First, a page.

Steady US housing recovery is boosting economy
Associated Press | Nov 19
The housing market’s recovery still has a long way to go. But for now, it’s helping prop up an economy that’s being squeezed by a global slowdown and looming spending cuts and tax increases. Joseph LaVorgna, an economist at Deutsche Bank, estimates that the housing recovery could boost U.S. economic growth by a full percentage point next year. That’s because a stronger housing market would mean more jobs, especially in industries like construction, and more consumer spending.
Housing recovery gains traction
Reuters | Nov 19
“The housing market is continuing to improve. It’s probably improving more than most economists were projecting earlier this year,” said Patrick Newport, an economist at IHS Global Insight in Lexington, Massachusetts.
Home sales up, inventory down: good for home prices and for builders
Christian Science Monitor | Nov 19
“The improvement in existing home sales … is being driven by the very favorable level of housing valuations and affordability,” says Paul Diggle, a housing expert at Capital Economics in London, in a report Monday. “Supply conditions in the existing homes market are even tighter than we had previously thought.” A wild card, for the months ahead, is whether and how politicians resolve the “fiscal cliff” of tax hikes and federal spending cuts that are scheduled to take effect in January. The cliff could send the US economy into recession (and thus derail a housing recovery), but most economists expect that Congress and President Obama will cut a deal in time to avert the worst effects.
Existing-Home Sales Rise in October with Ongoing Price and Equity Gains
Nat’l Assoc of Realtors | Nov 19
Sales of existing homes increased in October, even with some regional impact from Hurricane Sandy, while home prices continued to rise due to lower levels of inventory supply, according to the National Association of Realtors. Total existing-home sales1, which are completed transactions that include single-family homes, townhomes, condominiums and co-ops, rose 2.1 percent to a seasonally adjusted annual rate of 4.79 million in October from a downwardly revised 4.69 million in September, and are 10.9 percent above the 4.32 million-unit level in October 2011. Lawrence Yun , NAR chief economist, said there was some impact from Hurricane Sandy. “Home sales continue to trend up and most October transactions were completed by the time the storm hit, but the growing demand with limited inventory is pressuring home prices in much of the country,” he said. “We expect an impact on Northeastern home sales in the coming months from a pause and delays in storm-impacted regions.”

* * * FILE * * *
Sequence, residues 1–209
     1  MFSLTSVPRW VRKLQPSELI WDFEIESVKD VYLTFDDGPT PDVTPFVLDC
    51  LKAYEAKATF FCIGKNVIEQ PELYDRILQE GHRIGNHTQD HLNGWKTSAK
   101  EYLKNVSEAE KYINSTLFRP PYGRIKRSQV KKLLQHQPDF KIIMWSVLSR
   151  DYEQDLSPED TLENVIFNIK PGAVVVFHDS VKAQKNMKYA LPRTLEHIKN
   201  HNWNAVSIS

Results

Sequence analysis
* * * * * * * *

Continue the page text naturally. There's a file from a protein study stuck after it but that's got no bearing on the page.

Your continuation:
Builder Confidence Rises Five Points in November
Nat’l Assoc of Home Builders | Nov 19
Builder confidence in the market for newly built, single-family homes posted a solid, five-point gain to 46 on the National Association of Home Builders/Wells Fargo Housing Market Index (HMI) for November, released today. This marks the seventh consecutive monthly gain in the confidence gauge and brings it to its highest point since May of 2006.
Record-low mortgage rates may lift housing
Dallas Morning News | Nov 18
Demand for residential real estate is also being propelled by more affordable properties, progress in the labor market and improving consumer sentiment. The data underscore what Federal Reserve Chairman Ben Bernanke called “signs of improvement” in the market, which is helping fuel the expansion as manufacturing cools. “Housing has definitely become a bright spot in the economy, while all the international-facing sectors are doing much worse,” said Yelena Shulyatyeva, U.S. economist at BNP Paribas in New York. The economy should sustain a “modest recovery” through year-end, she said.
Housing’s comeback looks real
MarketWatch | Nov 16
More than 100 economists polled by Pulsenomics for the real estate website Zillow expect the good times to roll. They foresee home price increases of around 2.3% this year, but also think residential real estate will continue recovering for the next four years.
Housing Dynamics over the Business Cycle
Finn E. Kydland, et al. | Aug 26, 2012
A well known feature of the U.S. business cycle is that residential investment leads and nonresidential investment lags GDP. We document that in most other developed economies both types of investment are, more or less, coincident with GDP. There is much more uniformity across countries, however, when residential construction activity is measured by housing starts: almost all countries in our sample exhibit housing starts leading GDP. In contrast, a strong internal mechanism present in most business cycle models produces residential investment occurring only after an increase in GDP, once enough business capital has been built up. Our empirical analysis points to mortgage finance as a potential reason why actual economies exhibit the opposite dynamics.